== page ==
"I want you to know, brethren, that our fathers were all under the cloud, and all passed through the sea, and all were baptized into Moses in the cloud and in the sea, and all ate the same supernatural food and all drank the same supernatural drink. For they drank from the supernatural Rock which followed them, and the Rock was Christ (10, 1-4) Therefore, my beloved, shun the worship of idols The cup of blessing which we bless, is it not a participation in the blood of Christ? The bread which we break, is it not a participation in the body of Christ? Because there is one bread, we who are many are one body, for we all partake of the one bread (10, 14-17) You cannot drink the cup of the Lord and the cup of demons. You cannot partake of the table of the Lord and the table of demons (10, 21-22) "
In verses 1-4 St. Paul is regarding the manna, the water and the rock as types of things to come. This ties in with the words of Christ in St. John outlined earlier, "I am the bread of life. Your fathers ate the manna in the wilderness, and they died. This is the bread which comes down from heaven, that a man may eat of it and not die" (vv. 48-50). The early Christians undoubtedly saw the Eucharist as a fulfillment of the promised manna, but unlike the manna he who eats the bread of the Eucharist will "live forever" (v. 51).
The language of verses 14-17 again is the type that excludes all sense of the figurative or symbolic. St. Paul speaks directly of "participation in the blood and body of Christ." If one is still prepared to argue the matter, St. Paul uses even more striking language in chapter 11:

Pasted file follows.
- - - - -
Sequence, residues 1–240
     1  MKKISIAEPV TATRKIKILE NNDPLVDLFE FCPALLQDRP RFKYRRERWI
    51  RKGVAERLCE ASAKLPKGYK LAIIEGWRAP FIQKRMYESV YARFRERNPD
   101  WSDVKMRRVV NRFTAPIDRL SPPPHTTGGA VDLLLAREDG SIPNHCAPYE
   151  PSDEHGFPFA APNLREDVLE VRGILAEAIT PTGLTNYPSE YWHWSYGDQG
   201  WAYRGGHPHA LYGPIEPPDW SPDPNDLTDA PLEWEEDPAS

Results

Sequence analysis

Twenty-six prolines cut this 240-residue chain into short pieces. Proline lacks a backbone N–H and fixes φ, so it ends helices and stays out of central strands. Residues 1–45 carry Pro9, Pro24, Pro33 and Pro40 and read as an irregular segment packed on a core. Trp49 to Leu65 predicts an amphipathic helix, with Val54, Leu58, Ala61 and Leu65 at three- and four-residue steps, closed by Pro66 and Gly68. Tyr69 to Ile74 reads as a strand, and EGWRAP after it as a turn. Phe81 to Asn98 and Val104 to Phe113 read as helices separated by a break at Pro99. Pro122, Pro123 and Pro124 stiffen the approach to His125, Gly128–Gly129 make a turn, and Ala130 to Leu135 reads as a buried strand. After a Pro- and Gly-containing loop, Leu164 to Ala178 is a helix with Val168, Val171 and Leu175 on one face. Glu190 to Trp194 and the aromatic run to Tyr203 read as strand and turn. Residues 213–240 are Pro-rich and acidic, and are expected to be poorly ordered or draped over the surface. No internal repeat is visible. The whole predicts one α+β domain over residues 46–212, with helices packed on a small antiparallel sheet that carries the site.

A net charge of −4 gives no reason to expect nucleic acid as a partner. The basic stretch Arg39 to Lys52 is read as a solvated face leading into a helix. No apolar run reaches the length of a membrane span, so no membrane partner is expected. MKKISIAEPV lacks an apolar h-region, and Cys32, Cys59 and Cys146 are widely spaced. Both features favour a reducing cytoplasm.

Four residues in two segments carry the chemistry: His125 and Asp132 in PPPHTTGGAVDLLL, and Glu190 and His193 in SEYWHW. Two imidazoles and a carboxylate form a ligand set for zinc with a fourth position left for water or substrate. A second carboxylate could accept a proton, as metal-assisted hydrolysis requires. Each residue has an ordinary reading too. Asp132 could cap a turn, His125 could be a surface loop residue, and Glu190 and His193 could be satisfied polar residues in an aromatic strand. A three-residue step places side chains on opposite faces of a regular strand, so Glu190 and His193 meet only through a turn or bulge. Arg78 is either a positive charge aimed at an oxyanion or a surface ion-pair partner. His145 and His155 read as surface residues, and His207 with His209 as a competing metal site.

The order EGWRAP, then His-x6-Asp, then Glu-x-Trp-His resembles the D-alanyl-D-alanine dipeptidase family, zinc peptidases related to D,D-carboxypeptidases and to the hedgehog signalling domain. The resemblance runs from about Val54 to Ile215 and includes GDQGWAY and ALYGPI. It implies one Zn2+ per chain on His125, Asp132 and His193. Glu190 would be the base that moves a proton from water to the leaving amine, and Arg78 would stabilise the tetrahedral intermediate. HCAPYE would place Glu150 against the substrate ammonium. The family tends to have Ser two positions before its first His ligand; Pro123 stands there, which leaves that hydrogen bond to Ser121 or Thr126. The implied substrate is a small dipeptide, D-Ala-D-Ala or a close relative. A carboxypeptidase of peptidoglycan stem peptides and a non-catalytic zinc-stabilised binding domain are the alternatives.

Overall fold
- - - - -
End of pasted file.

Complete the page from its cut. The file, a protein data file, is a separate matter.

" For I received from the Lord what I also delivered to you, that the Lord Jesus on the night when he was betrayed took bread, and when he had given thanks, he broke it, and said, This is my body which is for you. Do this in remembrance of me. In the same way also the cup, after supper, saying, This cup is the new covenant in my blood. Do this, as often as you drink it, in remembrance of me. For as often as you eat this bread and drink the cup, you proclaim the Lord's death until he comes. Whoever, therefore, eats the bread or drinks the cup of the Lord in an unworthy manner will be guilty of profaning the body and blood of the Lord. Let a man examine himself, and so eat of the bread and drink of the cup. For any one who eats and drinks without discerning the body eats and drinks judgment upon himself. That is why many of you are weak and ill, and some have died" (vv. 23-31).
According to most scholars this is the first written account of the institution of the Eucharist, predating even the Gospel accounts.2 One ex-Protestant convert to Catholicism comments on vv. 23-31 as follows:
"Being guilty of someones body and blood was to be guilty of murder. How could one be guilty of murder if the body (bread) was only a symbol? The Real Presence of Christs Body is necessary for an offense to be committed against it. How could one be guilty of the Body and Blood of Christ by simply eating a little bread and drinking a little wine? St. Pauls words are meaningless without the dogma of the Real Presence." 3
Contents | Next
Catholic Apologetics - The Work of God
Work of God - index
Catholic Apologetics - Holy Eucharist, The Bread of Life